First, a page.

Biology - 2018 - Period 5 - Jessica Johnson - How the Wolves Changed Yellowstone Student Pages

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Biology - 2018 - Period 5 - Jessica Johnson - How the Wolves Changed Yellowstone Student Pages by Mind Map: Biology - 2018 - Period 5 - Jessica Johnson - How the Wolves Changed Yellowstone Student Pages

1. Six years after wolves were introduced, in 2002, cottonwoods had matured into meter-tall bushes.

2. After the introduction of wolves, the elk population plummeted to 11,000- 14,000, obtaining a low of 8,000 in 2005. Since that happened, serious adjustments started to arise. For example, willow, aspen, and cottonwood trees began to bloom and blossom.

3. The dwindling aspen, willows, and cottonwoods began to expand in size. More young trees started to emerge, notably beside river beds and other exposed areas.

4. Elk populations soared and parts of the ecosystem, like the Lamar Valley, were virtually denuded of vegetation. Many species, such as songbirds and beavers, faded away as a result.

5. The ponds of water behind the dams help the trees, shrubs, and succulent vegetation, which gave food and shelter for other species, like insects, rodents, warblers, and other songbirds, grow. Beaver ponds also become a new habitat for otters, muskrats, moose, and multiple species of fish.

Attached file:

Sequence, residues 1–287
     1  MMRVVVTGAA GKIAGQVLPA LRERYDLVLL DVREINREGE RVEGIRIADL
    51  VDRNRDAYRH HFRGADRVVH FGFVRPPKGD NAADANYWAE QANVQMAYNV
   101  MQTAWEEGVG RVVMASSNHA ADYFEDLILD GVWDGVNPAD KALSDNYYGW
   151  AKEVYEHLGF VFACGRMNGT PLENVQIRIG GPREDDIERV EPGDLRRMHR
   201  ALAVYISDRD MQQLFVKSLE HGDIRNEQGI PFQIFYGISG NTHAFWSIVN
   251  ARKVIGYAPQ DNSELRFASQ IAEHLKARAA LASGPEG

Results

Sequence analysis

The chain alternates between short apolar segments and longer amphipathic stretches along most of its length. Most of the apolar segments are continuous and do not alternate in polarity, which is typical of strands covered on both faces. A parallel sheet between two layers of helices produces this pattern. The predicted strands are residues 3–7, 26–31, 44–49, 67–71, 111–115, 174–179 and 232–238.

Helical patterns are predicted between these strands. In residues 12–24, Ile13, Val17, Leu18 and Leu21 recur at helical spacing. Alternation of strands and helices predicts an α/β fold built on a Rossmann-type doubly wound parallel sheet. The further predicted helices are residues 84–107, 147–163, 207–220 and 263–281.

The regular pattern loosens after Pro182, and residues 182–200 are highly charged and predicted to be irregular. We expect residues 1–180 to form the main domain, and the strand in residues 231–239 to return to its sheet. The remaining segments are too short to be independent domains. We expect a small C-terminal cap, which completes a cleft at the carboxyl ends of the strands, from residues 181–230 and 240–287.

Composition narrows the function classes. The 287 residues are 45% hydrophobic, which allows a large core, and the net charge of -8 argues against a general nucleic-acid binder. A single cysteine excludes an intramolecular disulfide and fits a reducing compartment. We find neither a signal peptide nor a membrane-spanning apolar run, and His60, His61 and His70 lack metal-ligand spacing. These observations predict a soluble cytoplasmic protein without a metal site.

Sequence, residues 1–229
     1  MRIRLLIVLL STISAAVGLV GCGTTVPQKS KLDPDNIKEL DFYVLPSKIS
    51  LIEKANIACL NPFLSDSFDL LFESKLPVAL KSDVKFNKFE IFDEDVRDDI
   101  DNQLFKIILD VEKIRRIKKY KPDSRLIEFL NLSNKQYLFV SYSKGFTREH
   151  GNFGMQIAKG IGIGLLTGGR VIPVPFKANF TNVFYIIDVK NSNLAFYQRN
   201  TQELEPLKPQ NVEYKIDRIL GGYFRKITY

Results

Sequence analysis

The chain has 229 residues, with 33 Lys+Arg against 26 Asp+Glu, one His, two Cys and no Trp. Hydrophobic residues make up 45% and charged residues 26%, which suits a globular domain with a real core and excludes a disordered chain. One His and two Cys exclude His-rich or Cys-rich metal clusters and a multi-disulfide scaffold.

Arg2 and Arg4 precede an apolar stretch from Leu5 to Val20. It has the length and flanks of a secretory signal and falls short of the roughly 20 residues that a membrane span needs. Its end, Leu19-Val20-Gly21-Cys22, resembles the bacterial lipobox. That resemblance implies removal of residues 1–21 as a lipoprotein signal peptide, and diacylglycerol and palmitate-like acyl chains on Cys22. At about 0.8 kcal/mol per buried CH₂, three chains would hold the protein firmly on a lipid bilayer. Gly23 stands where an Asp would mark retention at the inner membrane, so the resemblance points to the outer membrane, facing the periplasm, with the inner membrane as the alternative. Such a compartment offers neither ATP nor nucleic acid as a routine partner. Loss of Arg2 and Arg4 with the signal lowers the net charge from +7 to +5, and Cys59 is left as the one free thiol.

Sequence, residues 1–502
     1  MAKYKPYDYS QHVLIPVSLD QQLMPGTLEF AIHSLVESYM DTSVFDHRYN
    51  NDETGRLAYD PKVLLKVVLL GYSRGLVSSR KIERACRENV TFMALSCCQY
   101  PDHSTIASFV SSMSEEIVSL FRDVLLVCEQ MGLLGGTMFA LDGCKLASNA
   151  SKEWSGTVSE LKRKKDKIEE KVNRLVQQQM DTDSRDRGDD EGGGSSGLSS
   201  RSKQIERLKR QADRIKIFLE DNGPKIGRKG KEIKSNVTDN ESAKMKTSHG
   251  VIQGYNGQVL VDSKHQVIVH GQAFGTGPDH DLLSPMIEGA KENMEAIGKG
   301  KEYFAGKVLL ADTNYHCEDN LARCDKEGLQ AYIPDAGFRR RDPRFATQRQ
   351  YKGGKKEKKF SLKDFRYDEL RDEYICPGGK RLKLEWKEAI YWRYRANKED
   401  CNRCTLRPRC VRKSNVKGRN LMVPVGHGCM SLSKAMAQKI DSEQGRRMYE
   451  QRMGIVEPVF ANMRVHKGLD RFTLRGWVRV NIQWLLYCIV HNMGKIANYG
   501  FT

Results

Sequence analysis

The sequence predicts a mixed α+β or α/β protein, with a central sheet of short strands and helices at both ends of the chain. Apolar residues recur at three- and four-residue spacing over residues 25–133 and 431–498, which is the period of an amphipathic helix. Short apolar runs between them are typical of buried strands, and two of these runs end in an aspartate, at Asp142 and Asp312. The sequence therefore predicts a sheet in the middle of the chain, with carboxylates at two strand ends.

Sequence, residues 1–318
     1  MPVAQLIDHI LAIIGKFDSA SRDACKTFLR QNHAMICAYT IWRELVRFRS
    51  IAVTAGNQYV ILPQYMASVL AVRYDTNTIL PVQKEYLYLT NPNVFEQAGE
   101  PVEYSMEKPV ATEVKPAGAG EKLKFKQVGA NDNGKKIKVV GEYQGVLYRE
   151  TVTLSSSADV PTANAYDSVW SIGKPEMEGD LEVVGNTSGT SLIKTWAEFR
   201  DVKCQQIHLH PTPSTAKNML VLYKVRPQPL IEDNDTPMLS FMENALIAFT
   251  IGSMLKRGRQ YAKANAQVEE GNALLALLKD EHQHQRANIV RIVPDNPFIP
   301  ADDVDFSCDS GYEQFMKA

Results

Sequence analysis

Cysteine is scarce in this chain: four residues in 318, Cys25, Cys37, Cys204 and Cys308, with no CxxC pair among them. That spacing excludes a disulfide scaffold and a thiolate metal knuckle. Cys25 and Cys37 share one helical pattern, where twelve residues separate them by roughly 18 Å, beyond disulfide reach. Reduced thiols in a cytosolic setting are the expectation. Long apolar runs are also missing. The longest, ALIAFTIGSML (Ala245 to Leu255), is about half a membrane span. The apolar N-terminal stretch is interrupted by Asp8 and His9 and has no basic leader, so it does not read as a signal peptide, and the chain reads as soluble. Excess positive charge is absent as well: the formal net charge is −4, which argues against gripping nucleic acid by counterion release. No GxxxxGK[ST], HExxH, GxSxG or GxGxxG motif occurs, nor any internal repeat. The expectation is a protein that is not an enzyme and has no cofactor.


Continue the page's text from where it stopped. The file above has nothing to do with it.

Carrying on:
6. In two years of wolves being released, attacks from wolves caused a 90% decline in coyote prosperity within wolf pack territories.

7. The main prey of coyotes, which are voles, mice, and other rodents, have had a gigantic population change. This is is positive impact on the competitors of the coyote, such as foxes and birds of prey.

8. The survival of pronghorn fawns has increased and pronghorn numbers are starting to grow.

9. Park biologists mentioned an increase in species including magpies, ravens, eagles, and grizzly bears.

10. The number of ravens attracted to a wolf kills demonstrates the beneficial interaction with wolves: the average is 30 individuals, with 135 being the biggest number recorded to date.

11. Some species in the Yellowstone food web afflicted by wolves are elk, cottonwoods, beaver, muskrat, moose, raven, magpie, grizzly, vole, coyote, yellow warbler, and aspen.